Now, when PNG turns 38 (2013), everyone, including government and the people of Papua New Guinea have high expectations and hopes for better future as country's the Gross Domestic Product (GDP) is expected to be doubled in the next few months as PNG LNG project goes into on stream. Yes, for sure country's revenue will be doubled as never before.

However, the problem of mismanagement and corruption by the elected leaders and their cronies or bureaucrats holding top positions in the country down to the project management on the ground is remained unresolved. We cannot expect miracles from heavens if we are not accountable in handling the billions of kina from the existing projects and other revenues sources in the country.

It’s about time we manage these massive funds with transparency, integrity and with good governance. If we continue fail in this area even after 38 years of Independence, we will have no one to blame but ourselves.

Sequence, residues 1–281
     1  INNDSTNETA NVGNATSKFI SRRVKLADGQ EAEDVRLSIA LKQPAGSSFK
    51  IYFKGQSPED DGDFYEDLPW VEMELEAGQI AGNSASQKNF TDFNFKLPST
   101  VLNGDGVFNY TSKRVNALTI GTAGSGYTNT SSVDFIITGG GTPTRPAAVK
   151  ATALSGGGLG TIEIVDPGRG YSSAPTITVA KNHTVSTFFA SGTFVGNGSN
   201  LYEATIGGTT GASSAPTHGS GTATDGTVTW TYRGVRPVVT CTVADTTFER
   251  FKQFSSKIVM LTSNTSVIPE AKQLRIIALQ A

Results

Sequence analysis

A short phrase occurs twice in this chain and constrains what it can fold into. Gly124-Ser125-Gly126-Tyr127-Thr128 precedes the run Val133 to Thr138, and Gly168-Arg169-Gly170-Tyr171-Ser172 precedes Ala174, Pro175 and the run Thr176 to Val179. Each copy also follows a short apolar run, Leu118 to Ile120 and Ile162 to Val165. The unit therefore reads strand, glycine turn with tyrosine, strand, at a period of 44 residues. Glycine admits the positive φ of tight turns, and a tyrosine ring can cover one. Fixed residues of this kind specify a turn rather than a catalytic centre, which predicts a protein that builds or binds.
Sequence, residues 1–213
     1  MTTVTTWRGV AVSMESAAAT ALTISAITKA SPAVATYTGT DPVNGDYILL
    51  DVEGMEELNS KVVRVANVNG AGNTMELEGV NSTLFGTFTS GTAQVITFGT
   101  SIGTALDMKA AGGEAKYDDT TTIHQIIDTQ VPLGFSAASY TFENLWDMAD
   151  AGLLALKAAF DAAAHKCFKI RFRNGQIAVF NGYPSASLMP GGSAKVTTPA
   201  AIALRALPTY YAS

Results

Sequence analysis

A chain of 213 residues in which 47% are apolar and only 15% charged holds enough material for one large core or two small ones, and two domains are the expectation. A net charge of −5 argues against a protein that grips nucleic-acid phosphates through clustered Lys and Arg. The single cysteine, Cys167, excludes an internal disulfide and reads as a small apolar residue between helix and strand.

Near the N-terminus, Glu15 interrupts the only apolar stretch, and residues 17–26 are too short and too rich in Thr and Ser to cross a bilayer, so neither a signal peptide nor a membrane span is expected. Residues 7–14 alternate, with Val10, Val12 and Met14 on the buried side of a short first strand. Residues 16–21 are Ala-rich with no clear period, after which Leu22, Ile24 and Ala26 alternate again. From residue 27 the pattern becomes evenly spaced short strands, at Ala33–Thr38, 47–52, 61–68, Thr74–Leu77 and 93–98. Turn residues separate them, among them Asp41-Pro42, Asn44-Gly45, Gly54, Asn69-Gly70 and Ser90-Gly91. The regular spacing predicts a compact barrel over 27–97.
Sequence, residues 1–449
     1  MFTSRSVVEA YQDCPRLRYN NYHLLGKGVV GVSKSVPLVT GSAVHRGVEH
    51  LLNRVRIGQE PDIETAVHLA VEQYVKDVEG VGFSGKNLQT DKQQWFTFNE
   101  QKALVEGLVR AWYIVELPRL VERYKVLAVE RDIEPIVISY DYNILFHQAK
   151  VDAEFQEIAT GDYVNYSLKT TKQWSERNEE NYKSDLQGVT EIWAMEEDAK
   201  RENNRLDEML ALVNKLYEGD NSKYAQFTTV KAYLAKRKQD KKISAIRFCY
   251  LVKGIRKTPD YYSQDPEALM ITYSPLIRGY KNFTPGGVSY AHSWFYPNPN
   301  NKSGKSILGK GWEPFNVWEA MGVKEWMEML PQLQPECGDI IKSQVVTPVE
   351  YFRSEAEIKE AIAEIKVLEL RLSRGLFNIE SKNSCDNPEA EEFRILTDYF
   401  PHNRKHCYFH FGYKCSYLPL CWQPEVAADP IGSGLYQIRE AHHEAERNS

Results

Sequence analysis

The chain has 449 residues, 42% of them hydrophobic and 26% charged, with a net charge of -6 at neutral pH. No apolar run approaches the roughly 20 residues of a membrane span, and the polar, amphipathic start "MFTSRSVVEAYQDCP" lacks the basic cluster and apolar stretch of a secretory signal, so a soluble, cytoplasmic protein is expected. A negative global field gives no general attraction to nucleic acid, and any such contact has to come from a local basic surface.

Happy 38th PNG's Birth Day to all..! God bless Papua New Guinea!

Thursday, September 12, 2013

Papua New Guinea Treasurer Polye to chair International Monetary Fund, World Bank board

Papua New Guinea Treasurer Don Polye will be the next chairman of the board of governors of the International Monetary Fund and the World Bank.
Hon Don Polye, MP
Polye was selected to be the chairman in 2014 by fellow governors, who are finance ministers of member countries.

Prime Minister Peter O’Neill commended Polye, saying his elevation to chair of the important financial institutions was a vote of confidence in PNG and would raise its profile on the global scene.
In a letter to Polye, the prime minister said his selection was in recognition not only of Polye’s leadership and talent by his peers, but also of PNG’s increasing role as a major player in the region.